Pekka Kauhanen: The Hound, the Boy and the Snowman

Helsingin Taidehalli 29.1.–13.3.2011

The sculptor Pekka Kauhanen is at Kunsthalle Helsinki, creating worlds that tempt us to hilarious interpretations, worlds that at the least cannot be accused of being humourless or narrow-minded.

Pekka Kauhanen (b. 1954) is one of Finland’s leading and most original sculptors. Over thirty years, the carnival of themes in his sculptures has ranged from representational figures, torsos and dogs to abstract spirals of thought and back to the representational again. His new figures are headless suit men, smiling boys and snowmen. “I am (at most) a magical realist”, Kauhanen says in the catalogue.

Out of the disorderly eclecticism of his themes at Kunsthalle Helsinki Kauhanen constructs integrated wholes, in which individual sculptures combine to form tribes in a Kauhanen-esque fantasy world. This exhibition produced by the Finnish Art Association presents Kauhanen’s main themes starting from the 1980s, but the main emphasis is on the latest bronze and aluminium figures from the 2000s.

The start of the 2000s was a time when Kauhanen’s art lost its head, as Altti Kuusamo writes in the exhibition catalogue. The sculpture’s head was on its shoulder, hidden by foam, or absent altogether, as it was from the empty-jacketed suit men (2002). In 2003, the first top-hatted Snowman, the antithesis of dignity, appeared in Kauhanen’s world. The Snowman nation is still growing, since Kauhanen constantly modifies, develops and remodels his central themes.

The sculptural clans given birth to by Kauhanen in the 2000s also include ultra-positive ‘boys, who take on the world in the grip of innocent enthusiasm. The Art Police (2006) at the Tapiola traffic roundabout smiles uninhibitedly so that his teeth show. The Sun Boy sculpture (2007–2010), which is so bright that it is almost unbearable to Finns!, will be having exploits in various parts of Helsinki during the Kunsthalle exhibition!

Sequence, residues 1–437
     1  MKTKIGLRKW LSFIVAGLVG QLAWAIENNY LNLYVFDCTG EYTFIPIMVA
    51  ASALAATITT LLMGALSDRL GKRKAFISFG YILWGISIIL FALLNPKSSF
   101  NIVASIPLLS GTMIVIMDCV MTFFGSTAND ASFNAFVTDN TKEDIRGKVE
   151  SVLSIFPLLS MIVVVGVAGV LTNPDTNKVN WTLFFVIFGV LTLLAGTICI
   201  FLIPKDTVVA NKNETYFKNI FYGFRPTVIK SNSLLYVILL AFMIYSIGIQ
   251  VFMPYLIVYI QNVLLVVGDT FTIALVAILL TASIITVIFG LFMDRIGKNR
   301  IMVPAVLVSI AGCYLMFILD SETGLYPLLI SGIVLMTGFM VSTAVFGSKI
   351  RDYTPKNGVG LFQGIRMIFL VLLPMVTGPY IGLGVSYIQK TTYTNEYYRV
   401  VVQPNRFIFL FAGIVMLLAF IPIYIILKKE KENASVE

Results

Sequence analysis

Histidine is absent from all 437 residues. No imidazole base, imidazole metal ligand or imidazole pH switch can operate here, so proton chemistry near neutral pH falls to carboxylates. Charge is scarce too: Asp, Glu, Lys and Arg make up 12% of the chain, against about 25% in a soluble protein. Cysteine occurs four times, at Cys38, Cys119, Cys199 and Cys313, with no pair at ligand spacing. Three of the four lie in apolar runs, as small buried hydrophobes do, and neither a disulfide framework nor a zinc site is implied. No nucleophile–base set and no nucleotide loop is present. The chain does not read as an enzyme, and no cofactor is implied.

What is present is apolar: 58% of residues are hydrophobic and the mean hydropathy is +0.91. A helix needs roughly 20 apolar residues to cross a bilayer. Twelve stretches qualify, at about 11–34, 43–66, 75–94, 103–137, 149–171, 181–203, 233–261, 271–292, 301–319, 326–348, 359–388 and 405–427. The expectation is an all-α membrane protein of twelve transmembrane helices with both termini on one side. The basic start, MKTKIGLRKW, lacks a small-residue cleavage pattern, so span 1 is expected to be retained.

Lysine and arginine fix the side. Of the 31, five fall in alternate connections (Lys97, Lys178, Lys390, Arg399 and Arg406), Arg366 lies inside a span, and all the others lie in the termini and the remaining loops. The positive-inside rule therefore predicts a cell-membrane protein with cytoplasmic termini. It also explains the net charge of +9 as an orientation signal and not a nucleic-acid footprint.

Pekka Kauhanen is also known for his numerous public works, for instance, the controversial Urho Kekkonen memorial Big Time (1990) in Kajaani. The artist himself explained the work’s disputed hour-glass-like, spiral shape: as “a living likeness of Kekkonen’s time and thinking”. Also striding into the exhibition from that same breakthrough period is Sweet-Smelling Step, a public statue sited in Kurkimäki in Helsinki.

Kauhanen’s sculptures might be enigmatic, strange even, but it is easy to approach them. The sculpture figures conceal within them a mischief that often brings a smile of recognition to viewers’ lips. “If the Savo mentality were cast as a sculpture, it would use Pekka Kauhanen’s form language,” Vexi Salmi has quipped. The works are interpretatively permissive – playfulness seems to be the life-blood both of Kauhanen’s sculptures and of the public’s interpretations. So, let the game begin, there’s plenty of room for interpretation!

The exhibition has been produced by the Finnish Art Society. The writers in the catalogue for this Pekka Kauhanen retrospective are Professor Altti Kuusamo and Art Historian Pessi Rautio. The catalogue has been edited by Pirkko Tuukkanen MA and the foreword written by the Chair of the Finnish Art Association, Veikko Kasurinen.

Pekka Kauhanen: Huojuva askel, 1990. Foto: Pertti Nisonen.